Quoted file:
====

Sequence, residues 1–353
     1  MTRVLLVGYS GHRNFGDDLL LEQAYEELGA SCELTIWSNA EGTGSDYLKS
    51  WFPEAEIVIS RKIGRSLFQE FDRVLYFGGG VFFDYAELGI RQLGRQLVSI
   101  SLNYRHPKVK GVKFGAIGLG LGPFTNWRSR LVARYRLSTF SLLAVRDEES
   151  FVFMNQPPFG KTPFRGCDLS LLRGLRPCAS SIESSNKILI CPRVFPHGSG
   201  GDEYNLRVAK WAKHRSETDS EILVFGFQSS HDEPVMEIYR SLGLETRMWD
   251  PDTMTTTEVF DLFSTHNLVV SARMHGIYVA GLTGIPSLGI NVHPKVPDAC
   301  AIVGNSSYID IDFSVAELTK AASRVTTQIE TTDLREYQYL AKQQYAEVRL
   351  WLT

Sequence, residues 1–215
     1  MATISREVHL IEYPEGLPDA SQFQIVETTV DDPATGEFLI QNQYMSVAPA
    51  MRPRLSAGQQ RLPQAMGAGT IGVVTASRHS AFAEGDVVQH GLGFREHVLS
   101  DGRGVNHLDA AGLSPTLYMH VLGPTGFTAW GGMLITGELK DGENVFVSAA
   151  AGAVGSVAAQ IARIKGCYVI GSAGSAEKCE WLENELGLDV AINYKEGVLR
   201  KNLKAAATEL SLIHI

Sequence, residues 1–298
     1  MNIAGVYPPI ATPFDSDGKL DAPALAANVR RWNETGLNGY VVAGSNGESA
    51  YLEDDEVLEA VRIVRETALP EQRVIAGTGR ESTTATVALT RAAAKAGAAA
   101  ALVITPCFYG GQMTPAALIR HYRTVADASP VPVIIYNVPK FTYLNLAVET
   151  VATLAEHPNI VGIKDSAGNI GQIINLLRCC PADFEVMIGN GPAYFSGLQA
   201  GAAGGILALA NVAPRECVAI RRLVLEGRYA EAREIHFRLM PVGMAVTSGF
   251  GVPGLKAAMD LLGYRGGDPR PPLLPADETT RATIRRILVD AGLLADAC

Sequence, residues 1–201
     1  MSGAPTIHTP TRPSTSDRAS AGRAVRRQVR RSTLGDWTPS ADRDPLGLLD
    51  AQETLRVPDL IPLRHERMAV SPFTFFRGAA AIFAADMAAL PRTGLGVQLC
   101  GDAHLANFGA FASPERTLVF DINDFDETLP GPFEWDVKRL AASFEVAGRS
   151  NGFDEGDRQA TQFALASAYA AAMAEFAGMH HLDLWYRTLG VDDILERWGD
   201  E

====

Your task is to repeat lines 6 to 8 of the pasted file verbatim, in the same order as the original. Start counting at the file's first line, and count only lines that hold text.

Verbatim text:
   201  GDEYNLRVAK WAKHRSETDS EILVFGFQSS HDEPVMEIYR SLGLETRMWD
   251  PDTMTTTEVF DLFSTHNLVV SARMHGIYVA GLTGIPSLGI NVHPKVPDAC
   301  AIVGNSSYID IDFSVAELTK AASRVTTQIE TTDLREYQYL AKQQYAEVRL